The Green Party is accusing the Government of shelving a major rewrite of public health laws under pressure from the food industry.
The Government confirmed it has run out of time in which to pass the substantial Public Health Bill into law before the election on 8 November.
The bill updates outdated health laws and includes contentious provisions enabling regulations to be passed to help fight non-communicable diseases, including obesity.
The bill was hotly debated by the National Party, which says provisions allowing the Government to regulate to deal with obesity are the "nanny state" gone mad.
The Green Party's health spokesperson and chair of Parliament's health select committee, Sue Kedgley, says such provisions will be watered down if National becomes government. The Greens supported the bill.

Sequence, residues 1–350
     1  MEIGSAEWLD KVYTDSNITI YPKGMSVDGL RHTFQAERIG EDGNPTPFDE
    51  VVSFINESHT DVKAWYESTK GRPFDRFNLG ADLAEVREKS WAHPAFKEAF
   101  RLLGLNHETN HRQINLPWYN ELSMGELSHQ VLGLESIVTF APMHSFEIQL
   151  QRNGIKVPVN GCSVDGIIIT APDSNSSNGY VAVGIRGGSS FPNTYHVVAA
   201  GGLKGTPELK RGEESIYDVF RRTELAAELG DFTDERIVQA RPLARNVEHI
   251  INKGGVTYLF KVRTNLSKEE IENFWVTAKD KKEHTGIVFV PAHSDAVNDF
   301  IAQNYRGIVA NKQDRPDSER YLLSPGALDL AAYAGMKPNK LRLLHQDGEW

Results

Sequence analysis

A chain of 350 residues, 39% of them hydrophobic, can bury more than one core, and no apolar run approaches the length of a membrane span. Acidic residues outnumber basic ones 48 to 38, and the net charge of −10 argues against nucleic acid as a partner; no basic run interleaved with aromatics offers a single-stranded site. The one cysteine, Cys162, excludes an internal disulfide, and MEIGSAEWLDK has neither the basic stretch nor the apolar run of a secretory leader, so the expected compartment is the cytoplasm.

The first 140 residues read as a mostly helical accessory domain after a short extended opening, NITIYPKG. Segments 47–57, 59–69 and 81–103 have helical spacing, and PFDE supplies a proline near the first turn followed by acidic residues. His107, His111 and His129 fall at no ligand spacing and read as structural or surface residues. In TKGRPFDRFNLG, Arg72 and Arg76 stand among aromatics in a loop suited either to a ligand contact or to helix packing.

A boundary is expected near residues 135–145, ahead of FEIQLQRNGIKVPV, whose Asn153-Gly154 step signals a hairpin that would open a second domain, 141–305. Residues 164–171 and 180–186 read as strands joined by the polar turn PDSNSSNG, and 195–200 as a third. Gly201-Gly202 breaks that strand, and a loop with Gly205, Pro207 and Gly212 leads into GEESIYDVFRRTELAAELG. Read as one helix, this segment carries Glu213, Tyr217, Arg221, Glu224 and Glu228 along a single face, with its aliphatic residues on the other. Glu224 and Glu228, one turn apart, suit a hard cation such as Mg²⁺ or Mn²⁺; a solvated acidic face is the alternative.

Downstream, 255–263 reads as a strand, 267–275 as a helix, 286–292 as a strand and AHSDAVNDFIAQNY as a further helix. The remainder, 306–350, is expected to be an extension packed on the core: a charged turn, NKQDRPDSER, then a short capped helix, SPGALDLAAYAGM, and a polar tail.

However, the Government says it was not pressured, and the bill remains a priority.
Health Minister David Cunliffe rejected suggestions that the Government bowed to food industry pressure in failing to pass the reforms ahead of the election.
He also rejected the view that the measure had been poorly managed, saying the bill remains a priority.
Mr Cunliffe said the Government simply ran out of time to get the bill through before Parliament rises on Thursday.